What they had were concessionary mooring fees i.e. a discount between a half and a quarter off the full mooring fees, so they were bringing in the council and annual income of about £5,500 per year.
The council’s argument here was pretty roughly that the people who owned the boats had plenty of money and so they shouldn’t get the discount.
This all sounds fine and dandy, until you take into account the reality of the situation, first and foremost the historic vessel pontoon is the worst mooring in the inner harbour, right next to all the problems associated with late night drunks, worn out and without proper services. The historic vessels enhanced the café culture and this part of the town. As no one else would choose to moor there, reduced mooring fees are the only option.
So now we don’t have the historic vessels to look at, the council is out of pocket by about five thousand a year and all of the rules have been properly applied.
Ramsgate Harbour Slipways
With one thing and another we now have a difficult situation here, half the slipways site is leased to the slipway operator and half to the developer who wanted to build a bar complex there and paid £90,000 for the leasehold interest.
The main working part of his bit of the site was slipways 2 and 3, I have now heard that the slipway cables have been cut, this is unconfirmed information and I am not sure if this means the electrical cables or the steel with cables that pull up the cradles.
Pleasurama, Royal Sands Development
The development has now appeared on the contractors website, under their executive developments section, see http://www.cardygroup.co.uk/projects/projects.php?cat_id=4 so it may be that these condominiums will eventually be known as Cardy’s Condoms.
This has happened twice before, (appearing on their website that is – not Featherstone’s ticklers, Knight’s Amor or Robert Leonard Group Plc, no I had better not go on) with different contractors who have subsequently removed it, so it doesn’t mean that much.
Before the inclement weather, sporadic activity peaking at about four men on site had been occurring, this consisted of digging holes and filling them back in, sounds funny if you don’t know what they were up to, which was looking for the various pipes and wires under the site.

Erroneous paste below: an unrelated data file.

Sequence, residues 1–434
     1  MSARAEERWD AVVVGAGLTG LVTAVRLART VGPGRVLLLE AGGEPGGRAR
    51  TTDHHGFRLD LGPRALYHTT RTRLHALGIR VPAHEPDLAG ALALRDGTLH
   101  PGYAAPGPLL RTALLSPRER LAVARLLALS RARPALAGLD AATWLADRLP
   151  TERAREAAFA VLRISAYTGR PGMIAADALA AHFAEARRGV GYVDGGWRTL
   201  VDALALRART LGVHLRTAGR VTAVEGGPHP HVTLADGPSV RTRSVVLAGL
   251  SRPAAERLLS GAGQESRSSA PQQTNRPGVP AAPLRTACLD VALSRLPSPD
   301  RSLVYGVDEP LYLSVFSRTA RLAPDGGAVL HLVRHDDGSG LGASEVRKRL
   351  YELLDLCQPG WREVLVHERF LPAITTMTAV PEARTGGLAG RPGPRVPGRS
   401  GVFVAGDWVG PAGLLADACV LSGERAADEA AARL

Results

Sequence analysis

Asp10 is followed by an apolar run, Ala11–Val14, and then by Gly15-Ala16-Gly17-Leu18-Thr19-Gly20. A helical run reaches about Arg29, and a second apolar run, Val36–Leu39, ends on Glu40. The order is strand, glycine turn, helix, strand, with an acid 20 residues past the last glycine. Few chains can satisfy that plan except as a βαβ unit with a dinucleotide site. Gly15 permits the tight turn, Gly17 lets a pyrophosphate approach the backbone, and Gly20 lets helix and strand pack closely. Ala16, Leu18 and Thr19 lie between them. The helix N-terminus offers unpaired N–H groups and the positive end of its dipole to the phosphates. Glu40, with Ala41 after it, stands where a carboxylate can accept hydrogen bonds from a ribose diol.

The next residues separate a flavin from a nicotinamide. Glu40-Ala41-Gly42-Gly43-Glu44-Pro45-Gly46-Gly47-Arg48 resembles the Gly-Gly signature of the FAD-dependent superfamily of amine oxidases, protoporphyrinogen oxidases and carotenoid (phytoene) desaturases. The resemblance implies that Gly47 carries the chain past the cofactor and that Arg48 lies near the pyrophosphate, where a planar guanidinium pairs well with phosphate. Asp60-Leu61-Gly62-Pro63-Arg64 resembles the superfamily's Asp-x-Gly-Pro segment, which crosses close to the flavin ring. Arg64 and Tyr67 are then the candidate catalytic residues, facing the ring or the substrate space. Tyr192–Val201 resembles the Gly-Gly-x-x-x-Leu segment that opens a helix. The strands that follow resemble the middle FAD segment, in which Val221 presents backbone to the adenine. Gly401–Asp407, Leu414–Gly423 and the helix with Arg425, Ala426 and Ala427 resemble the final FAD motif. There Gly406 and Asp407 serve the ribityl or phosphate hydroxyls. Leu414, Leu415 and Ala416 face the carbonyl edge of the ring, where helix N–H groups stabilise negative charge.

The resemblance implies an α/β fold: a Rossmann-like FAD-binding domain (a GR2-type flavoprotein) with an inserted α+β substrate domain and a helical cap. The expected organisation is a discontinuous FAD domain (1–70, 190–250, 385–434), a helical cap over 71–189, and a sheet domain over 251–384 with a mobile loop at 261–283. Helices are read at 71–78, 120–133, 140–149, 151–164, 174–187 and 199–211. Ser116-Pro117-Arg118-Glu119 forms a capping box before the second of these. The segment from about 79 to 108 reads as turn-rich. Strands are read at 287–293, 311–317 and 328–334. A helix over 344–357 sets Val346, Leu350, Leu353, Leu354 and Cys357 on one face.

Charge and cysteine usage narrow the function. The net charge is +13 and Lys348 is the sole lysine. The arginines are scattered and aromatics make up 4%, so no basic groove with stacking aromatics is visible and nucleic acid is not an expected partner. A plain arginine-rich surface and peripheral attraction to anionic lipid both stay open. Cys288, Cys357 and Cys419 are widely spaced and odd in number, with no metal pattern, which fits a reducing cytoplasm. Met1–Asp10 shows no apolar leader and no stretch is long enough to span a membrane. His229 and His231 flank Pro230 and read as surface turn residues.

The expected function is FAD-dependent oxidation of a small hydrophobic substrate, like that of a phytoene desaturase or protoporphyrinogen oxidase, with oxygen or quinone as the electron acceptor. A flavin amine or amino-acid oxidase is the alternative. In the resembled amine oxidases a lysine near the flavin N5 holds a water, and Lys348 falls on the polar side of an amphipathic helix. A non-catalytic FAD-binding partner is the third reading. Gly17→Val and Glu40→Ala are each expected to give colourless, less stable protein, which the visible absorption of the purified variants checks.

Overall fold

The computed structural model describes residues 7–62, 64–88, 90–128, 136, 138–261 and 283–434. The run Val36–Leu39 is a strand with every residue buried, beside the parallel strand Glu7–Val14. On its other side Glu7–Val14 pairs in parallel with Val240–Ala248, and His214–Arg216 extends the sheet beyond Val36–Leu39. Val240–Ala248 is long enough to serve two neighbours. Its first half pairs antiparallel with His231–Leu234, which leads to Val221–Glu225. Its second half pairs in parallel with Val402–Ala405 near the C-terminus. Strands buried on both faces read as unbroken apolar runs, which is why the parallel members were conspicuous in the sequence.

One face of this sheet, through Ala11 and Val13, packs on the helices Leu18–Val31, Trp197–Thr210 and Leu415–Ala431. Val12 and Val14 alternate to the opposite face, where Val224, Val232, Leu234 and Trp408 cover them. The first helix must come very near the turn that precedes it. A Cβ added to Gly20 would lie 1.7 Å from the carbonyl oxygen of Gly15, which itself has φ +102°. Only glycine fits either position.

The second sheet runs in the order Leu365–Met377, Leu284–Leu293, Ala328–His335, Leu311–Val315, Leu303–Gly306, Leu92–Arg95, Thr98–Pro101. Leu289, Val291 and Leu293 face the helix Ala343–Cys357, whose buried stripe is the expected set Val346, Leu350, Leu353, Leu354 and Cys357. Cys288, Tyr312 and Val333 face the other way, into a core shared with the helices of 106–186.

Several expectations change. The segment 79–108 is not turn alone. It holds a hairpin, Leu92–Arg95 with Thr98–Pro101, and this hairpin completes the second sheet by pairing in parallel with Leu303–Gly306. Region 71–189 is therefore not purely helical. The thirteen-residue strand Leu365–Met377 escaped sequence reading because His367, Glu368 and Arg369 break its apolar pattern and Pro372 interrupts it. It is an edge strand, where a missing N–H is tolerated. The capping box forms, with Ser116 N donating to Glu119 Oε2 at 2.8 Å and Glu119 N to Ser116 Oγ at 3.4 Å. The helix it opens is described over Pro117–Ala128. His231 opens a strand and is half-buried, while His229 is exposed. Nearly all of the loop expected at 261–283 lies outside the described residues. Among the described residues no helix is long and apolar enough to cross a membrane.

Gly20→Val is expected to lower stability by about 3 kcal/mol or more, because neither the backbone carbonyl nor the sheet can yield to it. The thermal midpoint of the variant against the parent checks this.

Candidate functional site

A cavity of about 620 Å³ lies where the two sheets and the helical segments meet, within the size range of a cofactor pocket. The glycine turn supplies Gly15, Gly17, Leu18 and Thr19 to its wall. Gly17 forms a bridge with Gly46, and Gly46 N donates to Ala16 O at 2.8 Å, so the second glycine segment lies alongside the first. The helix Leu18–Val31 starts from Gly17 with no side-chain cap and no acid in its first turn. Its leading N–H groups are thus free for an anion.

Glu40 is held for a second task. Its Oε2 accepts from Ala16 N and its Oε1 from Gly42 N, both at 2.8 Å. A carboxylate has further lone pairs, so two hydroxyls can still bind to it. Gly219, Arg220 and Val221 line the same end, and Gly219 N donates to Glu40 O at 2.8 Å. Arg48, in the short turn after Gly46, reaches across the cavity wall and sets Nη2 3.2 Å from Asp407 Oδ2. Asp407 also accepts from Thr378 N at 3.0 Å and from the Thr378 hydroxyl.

At the moment my main concern there is the stability of the cliff wall and since the lump fell off I have been getting a small amount of cooperation from the HSE, they are obviously very cautious about criticising another part of the great government machine, but lumps falling off that could have killed people seems to have put some sort of pressure on in the other direction.
Blogs with local news and debate from the top of my sidebar.
Bignews Margate has two local articles that are worth a gander http://bignewsmargate.blogspot.com/2010/12/margate-museum-its-mystery-tdc.html and http://bignewsmargate.blogspot.com/2010/12/local-democracy-we-deserve-better.html about Thursdays council meeting with masses of comments.
Thanet Life http://birchington.blogspot.com/2010/12/through-looking-glass.html about Thursdays council meeting with comments disabled http://birchington.blogspot.com/2010/12/kapital-performance.html and http://birchington.blogspot.com/2010/12/thanks-andy.html
Sorry if I missed anything but these seemed to be the most lively posts, apart from the one where the comments were disabled of course, couldn’t be asked or something like that I suppose.
Councillors who actually engaged in the debates on the local blogs this week.
Simon Moores, Chris Wells and David Green.
Especial thanks here to Simon and Chris, they are both cabinet members of an administration that has been in power for nearly eight years, politically positions don’t usually get much more difficult than this and yet they did attempt to explain some difficult issues.
You may not be Conservative, you may not like them personally but they did make an attempt to communicate in this difficult public forum, and in view of the large number of councillors who never bother to reply to anything from both sides of the political spectrum, out leader included, I would say that I f they stood in my ward I would vote for them as I will vote for Dave this year if he stands.
I will ramble on between children and anything else that occurs today.